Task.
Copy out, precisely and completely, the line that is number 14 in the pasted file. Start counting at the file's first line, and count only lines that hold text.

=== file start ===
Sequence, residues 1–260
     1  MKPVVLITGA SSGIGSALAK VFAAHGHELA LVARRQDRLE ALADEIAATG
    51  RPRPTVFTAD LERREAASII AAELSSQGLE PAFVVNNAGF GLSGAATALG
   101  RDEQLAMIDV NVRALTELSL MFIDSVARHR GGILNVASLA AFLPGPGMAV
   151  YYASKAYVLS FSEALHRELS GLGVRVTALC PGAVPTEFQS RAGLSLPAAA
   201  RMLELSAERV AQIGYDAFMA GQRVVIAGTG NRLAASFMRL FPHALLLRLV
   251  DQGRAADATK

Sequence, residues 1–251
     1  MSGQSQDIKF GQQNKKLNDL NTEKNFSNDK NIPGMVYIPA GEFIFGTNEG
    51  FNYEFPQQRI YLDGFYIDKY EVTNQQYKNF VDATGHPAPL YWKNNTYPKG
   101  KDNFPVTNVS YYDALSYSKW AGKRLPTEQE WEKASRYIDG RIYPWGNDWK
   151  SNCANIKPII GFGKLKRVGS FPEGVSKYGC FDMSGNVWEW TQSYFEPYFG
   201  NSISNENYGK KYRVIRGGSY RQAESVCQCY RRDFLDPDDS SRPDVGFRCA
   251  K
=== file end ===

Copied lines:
   251  K